Sign up ×
Stack Overflow is a community of 4.7 million programmers, just like you, helping each other. Join them; it only takes a minute:

i am new in Perl and i need to do some regexp. I read, when array is used like integer value, it gives count of elements inside.

So i am doing for example

if (@result = $pattern =~ /(\d)\.(\d)/) {....}

and i was thinking it should return empty array, when pattern matching fails, but it gives me still array with 2 elements, but with uninitialized values.

So how i can put pattern matching inside if condition, is it possible?


foreach (keys @ARGV) {

    if (my @result = $ARGV[$_] =~ /^--(?:(help|br)|(?:(input|output|format)=(.+)))$/) {

        if (defined $params{$result[0]}) {
            print STDERR "Cmd option error\n";

        $params{$result[0]} = (defined $result[1] ? $result[1] : 1);

    else {
        print STDERR "Cmd option error\n";
        exit ERROR_CMD;


It is regexp pattern for command line options, cmd options are in long format with two hyphens preceding and possible with argument, so --CMD[=ARG]. I want elegant solution, so this is why i want put it to if condition without some prolog etc.

EDIT2: oh sry, i was thinking groups in @result array are always counted from 0, but accesible are only groups from branch, where the pattern is success. So if in my code command is "input", it should be in $result[0], but actually it is in $result[1]. I thought if $result[0] is uninitialized, than pattern fails and it goes to the if statement.

share|improve this question
You should provide sample input, and what you expect it to do. – Lone Shepherd Feb 19 '13 at 18:34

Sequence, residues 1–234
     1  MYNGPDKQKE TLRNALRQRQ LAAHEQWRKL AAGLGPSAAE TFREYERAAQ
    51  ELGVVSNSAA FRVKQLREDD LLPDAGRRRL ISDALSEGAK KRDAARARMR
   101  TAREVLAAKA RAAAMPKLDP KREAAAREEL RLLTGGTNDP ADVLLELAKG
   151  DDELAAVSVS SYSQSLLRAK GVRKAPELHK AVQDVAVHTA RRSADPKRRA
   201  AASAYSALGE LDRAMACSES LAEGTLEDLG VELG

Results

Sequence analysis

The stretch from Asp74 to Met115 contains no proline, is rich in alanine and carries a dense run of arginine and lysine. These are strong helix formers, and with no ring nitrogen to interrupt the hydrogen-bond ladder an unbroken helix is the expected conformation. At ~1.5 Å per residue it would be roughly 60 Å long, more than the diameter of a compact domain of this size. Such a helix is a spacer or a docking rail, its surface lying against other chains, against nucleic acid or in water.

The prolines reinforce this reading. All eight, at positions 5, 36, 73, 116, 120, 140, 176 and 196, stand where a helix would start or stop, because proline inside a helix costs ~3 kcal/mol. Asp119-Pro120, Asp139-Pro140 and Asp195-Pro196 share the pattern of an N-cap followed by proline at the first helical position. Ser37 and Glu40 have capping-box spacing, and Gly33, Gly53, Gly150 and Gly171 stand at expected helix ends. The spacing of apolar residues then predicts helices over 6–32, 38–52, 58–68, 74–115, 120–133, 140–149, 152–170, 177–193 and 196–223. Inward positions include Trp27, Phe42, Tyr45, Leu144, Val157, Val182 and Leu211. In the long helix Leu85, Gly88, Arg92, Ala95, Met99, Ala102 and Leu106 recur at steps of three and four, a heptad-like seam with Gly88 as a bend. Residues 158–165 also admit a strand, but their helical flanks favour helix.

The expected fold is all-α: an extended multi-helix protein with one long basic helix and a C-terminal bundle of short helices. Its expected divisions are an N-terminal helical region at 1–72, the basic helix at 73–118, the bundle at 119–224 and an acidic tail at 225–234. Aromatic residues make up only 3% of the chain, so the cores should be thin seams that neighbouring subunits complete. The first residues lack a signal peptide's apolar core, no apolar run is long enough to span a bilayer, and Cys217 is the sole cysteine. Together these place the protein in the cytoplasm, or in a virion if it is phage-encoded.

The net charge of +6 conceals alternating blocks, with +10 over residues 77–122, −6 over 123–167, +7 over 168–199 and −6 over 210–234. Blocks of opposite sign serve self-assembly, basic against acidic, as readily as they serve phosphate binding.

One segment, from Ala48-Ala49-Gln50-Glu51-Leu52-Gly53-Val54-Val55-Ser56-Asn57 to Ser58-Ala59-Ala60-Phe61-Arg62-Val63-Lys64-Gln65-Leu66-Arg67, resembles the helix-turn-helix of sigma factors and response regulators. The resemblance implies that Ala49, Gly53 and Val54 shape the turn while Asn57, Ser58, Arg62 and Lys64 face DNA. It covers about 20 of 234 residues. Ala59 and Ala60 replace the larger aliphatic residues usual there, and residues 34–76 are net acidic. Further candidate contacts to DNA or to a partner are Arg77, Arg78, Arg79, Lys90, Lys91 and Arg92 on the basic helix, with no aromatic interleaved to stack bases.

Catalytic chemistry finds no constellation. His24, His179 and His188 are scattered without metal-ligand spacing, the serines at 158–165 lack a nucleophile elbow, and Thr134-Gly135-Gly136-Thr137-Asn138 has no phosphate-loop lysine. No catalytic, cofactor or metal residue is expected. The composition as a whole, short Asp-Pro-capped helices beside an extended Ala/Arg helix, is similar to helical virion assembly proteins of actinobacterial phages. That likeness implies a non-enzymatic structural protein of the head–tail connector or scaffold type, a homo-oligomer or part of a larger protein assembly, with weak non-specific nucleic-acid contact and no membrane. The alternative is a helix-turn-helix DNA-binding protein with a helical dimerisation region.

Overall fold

If the pattern match fails, it will give you the empty list, not two undefined values. Perhaps you should post the code that makes you think that is what happens. – TLP Feb 19 '13 at 18:36
@LoneShepherd No, the assignment will still happen in list context, it is equal to doing @result = ...; if (@result). – TLP Feb 19 '13 at 18:50

3 Answers 3

up vote 2 down vote accepted

Consider the following:

use strict;
use warnings;

my $pattern = 42.42;

my @result = $pattern =~ /(\d)\.(\d)/;

print @result, ' elements';


24 elements

Context tells Perl how to treat @result. There certainly aren't 24 elements! Perl has printed the array's elements which resulted from your regex's captures. However, if we do the following:

print 0 + @result, ' elements';

we get:

2 elements

In this latter case, Perl interprets a scalar context for @result, so adds the number of elements to 0. This can also be achieved through scalar @results.

Edit to accommodate revised posting: Thus, the conditional in your code:

if(my @result = $ARGV[$_] =~ /^--(?:(help|br)|(?:(input|output|format)=(.+)))$/) { ...

evaluates to true if and only if the match was successful.

share|improve this answer
Yeah thx, it was my fault. – Krab Feb 19 '13 at 19:05
@results = $pattern =~ /(\d)\.(\d)/ ? ($1,$2) : ();
share|improve this answer
This is what the original code already does. – TLP Feb 19 '13 at 19:10
In the fail to match case, the original code returned a list with two elements, both undefined. This returns an empty list. – rjh Feb 19 '13 at 23:59
No, the original code returned the empty list when the match failed. If it does not match, it doesn't return captured elements. – TLP Feb 20 '13 at 0:22

Try this:

@result = ();
if ($pattern =~ /(\d)\.(\d)/)
 push @result, $1;
 push @result, $2;

=~ is not an equal sign. It's doing a regexp comparison.

So my code above is initializing the array to empty, then assigning values only if the regexp matches.

share|improve this answer

Your Answer


By posting your answer, you agree to the privacy policy and terms of service.

Not the answer you're looking for? Browse other questions tagged or ask your own question.